Deep learning (DL) has gradually become one of the most popular areas in artificial intelligence after the 1990s. Deep learning is a branch of machine learning and uses neural layers to build models. It combines low-level features and gradually forms abstract representation features to model the input data. Deep learning builds neural networks that simulates the human brain for analysis and learning. It mimics the mechanism of the human brain to interpret data, such as images, sounds, texts, and sensor readings.

According to the Universal Approximation Theorem [1], if a feedforward neural network has a linear output layer and at least one hidden layer with finite number of neurons and sigmoid activation function, it can approximate any continuous functions on a compact subset of ℝ^{n} with a sufficiently small error *e *> 0. This theorem is considered to be the theoretical basis of neural networks in deep learning.

The training process in deep learning is not particularly different from ordinary machine learning models. In deep learning, the objective is to find the weights of neurons or parameters of convolution filters in each layer, and this is done through predefined loss function, using gradient descent to continuously reduce the predefined loss, and strive to achieve the convergence. Backpropagation algorithm is the most common method for training neural networks. The algorithm will first calculate (and cache) the outputs of each layer according to the forward propagation, and then calculate the partial derivative of the loss function by applying chain rule with respect to each parameter in the way of traversing the graph backwards.

Deep neural networks, such as several common convolutional neural network models shown in the figure 1 [2], often have many parameters. Their parameters can often be in several thousands to millions depending on the application and size of the datasets presented for the learning. In the field of machine learning, the collection and labeling of training data is often a complicated and cumbersome process, which requires huge human and other resources. Thanks to Qeexo AutoML, the collection and labeling of the datasets is all integrated in the platform.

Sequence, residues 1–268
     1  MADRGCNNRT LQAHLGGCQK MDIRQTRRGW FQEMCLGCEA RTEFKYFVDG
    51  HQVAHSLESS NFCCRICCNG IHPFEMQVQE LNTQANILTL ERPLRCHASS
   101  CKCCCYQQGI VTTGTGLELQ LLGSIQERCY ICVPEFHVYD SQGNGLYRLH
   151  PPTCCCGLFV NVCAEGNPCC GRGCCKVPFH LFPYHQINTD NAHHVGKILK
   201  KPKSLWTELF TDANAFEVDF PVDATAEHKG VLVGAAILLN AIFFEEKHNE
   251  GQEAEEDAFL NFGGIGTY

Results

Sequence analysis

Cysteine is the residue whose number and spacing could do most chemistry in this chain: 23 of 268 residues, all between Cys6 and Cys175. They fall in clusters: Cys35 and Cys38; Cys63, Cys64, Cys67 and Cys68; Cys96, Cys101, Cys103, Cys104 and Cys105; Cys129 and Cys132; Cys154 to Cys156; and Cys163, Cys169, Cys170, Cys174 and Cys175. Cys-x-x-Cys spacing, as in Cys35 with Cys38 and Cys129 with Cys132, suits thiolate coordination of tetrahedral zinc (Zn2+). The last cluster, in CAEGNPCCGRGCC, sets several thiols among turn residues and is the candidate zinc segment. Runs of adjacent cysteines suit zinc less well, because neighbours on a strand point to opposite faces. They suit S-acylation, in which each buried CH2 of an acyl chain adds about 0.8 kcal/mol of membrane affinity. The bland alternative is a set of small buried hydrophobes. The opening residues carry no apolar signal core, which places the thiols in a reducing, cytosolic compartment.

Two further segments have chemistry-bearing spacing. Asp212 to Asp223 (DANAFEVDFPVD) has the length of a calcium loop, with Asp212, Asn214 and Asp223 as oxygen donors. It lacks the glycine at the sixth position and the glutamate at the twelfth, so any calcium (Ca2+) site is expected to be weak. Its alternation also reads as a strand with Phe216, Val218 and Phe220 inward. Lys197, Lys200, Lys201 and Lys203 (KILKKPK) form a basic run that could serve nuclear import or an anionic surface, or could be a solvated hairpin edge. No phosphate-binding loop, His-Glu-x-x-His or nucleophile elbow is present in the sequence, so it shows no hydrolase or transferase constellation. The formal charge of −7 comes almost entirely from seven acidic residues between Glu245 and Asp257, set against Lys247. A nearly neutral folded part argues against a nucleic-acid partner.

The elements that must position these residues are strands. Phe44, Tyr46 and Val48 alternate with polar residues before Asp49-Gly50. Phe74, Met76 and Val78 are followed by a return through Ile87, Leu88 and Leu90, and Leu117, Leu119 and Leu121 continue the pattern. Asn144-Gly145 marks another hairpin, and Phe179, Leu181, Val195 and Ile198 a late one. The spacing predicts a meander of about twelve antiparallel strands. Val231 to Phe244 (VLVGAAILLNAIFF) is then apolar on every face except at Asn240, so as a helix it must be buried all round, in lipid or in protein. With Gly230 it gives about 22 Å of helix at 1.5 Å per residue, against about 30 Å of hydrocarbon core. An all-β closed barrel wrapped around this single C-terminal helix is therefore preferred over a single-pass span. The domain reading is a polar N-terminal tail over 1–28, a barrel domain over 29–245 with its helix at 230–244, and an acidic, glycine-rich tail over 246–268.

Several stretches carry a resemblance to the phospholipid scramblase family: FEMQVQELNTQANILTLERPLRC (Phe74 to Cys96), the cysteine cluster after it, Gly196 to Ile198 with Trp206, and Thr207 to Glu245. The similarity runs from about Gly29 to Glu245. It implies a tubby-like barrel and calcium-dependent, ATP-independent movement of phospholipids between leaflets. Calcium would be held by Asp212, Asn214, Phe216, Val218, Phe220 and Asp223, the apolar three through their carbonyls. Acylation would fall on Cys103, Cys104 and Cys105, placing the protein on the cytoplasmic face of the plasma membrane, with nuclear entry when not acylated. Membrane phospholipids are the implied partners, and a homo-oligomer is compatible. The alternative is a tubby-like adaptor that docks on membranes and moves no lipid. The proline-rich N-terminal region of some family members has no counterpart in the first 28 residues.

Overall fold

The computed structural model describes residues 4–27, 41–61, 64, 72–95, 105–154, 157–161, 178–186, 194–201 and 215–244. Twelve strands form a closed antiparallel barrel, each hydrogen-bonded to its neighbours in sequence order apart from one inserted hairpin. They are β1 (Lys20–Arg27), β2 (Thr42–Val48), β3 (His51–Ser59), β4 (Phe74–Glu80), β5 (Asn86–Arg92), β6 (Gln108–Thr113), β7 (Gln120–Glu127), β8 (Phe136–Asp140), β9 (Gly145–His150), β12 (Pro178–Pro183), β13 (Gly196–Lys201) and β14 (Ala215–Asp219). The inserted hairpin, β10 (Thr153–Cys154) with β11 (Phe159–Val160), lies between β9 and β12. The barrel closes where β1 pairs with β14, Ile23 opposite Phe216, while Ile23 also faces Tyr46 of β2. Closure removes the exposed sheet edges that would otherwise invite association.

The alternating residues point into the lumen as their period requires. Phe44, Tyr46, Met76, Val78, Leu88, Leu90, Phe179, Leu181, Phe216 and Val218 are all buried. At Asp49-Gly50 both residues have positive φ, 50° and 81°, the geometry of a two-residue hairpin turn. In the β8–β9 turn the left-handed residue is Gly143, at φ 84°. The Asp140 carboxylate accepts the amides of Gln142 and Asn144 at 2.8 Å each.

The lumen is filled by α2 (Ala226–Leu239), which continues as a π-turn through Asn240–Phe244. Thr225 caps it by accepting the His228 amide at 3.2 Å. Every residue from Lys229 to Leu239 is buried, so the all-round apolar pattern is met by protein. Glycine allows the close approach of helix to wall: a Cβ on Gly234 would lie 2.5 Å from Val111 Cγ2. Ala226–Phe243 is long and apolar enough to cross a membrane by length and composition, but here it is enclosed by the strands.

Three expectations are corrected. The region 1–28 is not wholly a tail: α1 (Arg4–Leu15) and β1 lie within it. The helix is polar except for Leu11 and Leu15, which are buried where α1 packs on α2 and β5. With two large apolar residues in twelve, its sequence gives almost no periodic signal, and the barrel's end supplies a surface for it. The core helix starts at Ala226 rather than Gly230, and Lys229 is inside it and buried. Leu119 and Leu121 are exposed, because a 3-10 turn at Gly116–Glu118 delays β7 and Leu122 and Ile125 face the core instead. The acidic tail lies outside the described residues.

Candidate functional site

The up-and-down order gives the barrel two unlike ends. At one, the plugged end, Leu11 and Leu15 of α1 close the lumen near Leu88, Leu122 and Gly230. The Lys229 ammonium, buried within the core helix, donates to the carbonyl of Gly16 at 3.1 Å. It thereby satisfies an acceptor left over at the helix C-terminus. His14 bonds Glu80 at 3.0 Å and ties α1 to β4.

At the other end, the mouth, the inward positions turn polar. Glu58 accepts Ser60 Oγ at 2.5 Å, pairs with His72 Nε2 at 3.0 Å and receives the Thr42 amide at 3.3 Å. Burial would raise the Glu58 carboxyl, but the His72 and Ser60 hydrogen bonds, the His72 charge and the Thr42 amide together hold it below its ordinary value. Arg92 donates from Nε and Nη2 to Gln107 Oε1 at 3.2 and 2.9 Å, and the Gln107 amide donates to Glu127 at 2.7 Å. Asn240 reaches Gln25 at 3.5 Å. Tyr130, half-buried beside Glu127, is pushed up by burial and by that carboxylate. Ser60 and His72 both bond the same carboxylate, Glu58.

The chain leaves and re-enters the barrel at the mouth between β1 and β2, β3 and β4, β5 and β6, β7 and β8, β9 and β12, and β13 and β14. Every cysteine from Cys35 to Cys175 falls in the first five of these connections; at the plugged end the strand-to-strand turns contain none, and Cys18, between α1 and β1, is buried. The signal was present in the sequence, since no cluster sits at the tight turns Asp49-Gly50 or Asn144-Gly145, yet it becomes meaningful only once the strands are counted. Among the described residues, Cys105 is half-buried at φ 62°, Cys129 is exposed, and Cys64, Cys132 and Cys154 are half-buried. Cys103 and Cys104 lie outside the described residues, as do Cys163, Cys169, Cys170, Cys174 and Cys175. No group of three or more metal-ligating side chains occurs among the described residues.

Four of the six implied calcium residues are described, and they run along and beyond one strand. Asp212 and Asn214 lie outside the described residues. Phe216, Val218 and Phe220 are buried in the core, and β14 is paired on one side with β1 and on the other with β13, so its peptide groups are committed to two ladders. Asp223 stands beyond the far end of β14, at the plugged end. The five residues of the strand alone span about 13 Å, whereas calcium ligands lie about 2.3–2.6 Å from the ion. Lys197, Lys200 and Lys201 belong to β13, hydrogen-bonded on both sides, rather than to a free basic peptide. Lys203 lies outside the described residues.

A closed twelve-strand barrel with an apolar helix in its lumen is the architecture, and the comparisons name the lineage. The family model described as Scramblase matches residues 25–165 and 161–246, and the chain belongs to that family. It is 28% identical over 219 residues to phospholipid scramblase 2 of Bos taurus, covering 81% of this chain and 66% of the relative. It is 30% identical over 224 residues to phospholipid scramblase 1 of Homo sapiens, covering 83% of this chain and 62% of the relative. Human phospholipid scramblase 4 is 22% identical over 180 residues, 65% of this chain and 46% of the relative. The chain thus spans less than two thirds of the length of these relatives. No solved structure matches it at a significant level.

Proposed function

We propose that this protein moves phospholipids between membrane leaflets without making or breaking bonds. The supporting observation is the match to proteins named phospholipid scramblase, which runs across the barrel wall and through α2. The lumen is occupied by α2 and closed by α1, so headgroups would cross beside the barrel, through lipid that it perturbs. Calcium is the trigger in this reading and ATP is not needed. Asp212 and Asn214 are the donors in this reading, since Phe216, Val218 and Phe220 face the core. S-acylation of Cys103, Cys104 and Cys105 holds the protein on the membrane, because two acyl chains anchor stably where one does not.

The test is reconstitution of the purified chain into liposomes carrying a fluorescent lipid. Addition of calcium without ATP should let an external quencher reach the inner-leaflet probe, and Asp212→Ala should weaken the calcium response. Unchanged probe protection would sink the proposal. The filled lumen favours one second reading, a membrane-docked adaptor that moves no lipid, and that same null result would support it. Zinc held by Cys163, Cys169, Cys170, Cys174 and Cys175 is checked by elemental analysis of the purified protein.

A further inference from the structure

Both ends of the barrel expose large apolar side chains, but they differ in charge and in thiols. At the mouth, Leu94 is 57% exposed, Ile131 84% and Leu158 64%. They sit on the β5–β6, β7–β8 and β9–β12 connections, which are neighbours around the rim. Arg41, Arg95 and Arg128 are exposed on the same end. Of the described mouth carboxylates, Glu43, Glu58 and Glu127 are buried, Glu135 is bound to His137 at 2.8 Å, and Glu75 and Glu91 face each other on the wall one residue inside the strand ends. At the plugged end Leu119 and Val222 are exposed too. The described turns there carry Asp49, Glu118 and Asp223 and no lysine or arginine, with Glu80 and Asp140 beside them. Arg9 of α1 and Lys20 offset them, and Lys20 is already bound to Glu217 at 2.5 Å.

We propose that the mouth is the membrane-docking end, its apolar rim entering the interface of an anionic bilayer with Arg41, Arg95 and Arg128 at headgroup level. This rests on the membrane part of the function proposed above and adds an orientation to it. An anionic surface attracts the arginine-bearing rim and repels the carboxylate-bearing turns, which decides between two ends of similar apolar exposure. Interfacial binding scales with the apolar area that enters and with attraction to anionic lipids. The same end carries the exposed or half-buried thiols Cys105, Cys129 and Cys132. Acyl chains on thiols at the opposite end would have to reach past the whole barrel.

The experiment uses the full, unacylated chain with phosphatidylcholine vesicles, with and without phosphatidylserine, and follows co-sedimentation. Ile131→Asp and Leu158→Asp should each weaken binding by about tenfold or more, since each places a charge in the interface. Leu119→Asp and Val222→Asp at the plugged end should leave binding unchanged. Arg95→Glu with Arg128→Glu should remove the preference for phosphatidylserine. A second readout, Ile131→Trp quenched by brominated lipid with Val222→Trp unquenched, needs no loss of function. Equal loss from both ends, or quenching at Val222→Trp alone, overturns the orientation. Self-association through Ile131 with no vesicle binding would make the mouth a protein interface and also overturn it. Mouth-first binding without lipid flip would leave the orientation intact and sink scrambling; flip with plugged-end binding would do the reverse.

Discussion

Tuning of deep learning model parameters is another challenge. For example, selecting the depth of the neural network, size of the convolution filters for each layer, what pooling to use, number of neurons in each layer, the learning rate, the optimization function, the batch size, number of training epochs, etc., often requires machine learning engineers to debug based on their knowledge and experience. This tuning process can be frustrating and time consuming. Deep learning is often very sensitive to model parameters, and the selection of model parameters will also affect the accuracy, size, and latency of the resulting model.

According to different learning tasks, commonly used models in deep learning include feedforward neural networks, convolutional neural networks, and recurrent neural networks. Qeexo AutoML platform for sensor data makes use of all these deep learning architectures for machine learning on micro-controllers. Due to memory, computation, and power consumption limitations on micro-controllers, Qeexo performs very sophisticated optimizations and model compressions on these architectures. Qeexo AutoML deep learning architectures does not require runtime interpreters when deployed on the microcontrollers. Libraries with no runtime make these models better suited for microcontrollers, they are light weight and has low latency.

Qeexo AutoML performs hyper-parameter tuning for deep learning models, saving time and effort of users dealing with this cumbersome process. Users also have a choice of configuring these model parameters themselves and if these parameters tend to generate models which are bigger than available memory size on the embedded devices, it performs automatic model reduction to make sure it fits on the device without sacrificing the model performance significantly.

Qeexo is one of the world’s first companies to run Deep Learning-based models from mobile phones. These models are light weight with latencies as low as 10 mSec. on mobile phone’s application processors. Qeexo’s AI engines are running on more than 300 Million mobile devices and growing rapidly. Today, Qeexo AutoML builds and deploys deep learning models on embedded targets using various sensor signals. Qeexo uses its proprietary model conversion technique to build light weight deep learning models on embedded microcontrollers. Additionally, Qeexo AutoML supports quantization-aware training of deep learning models. This type of training is aware of the fact that models are going to be quantized post-training and strives to retain the performance of the model despite quantization. Quantization can further reduce the model size while striving to maintain accuracy. This approach makes it possible to build bigger models when required to achieve high accuracy for certain applications.

References:

- Cybenko, G., “Approximations by superpositions of sigmoidal functions”,
*Mathematics of Control, Signals, and Systems*, 1989, 2(4), 303–314. - LeCun, Yann,
*et. al.*“Object recognition with gradient-based learning.”*Shape, contour and grouping in computer vision*. Springer, Berlin, Heidelberg, 1999. 319-345.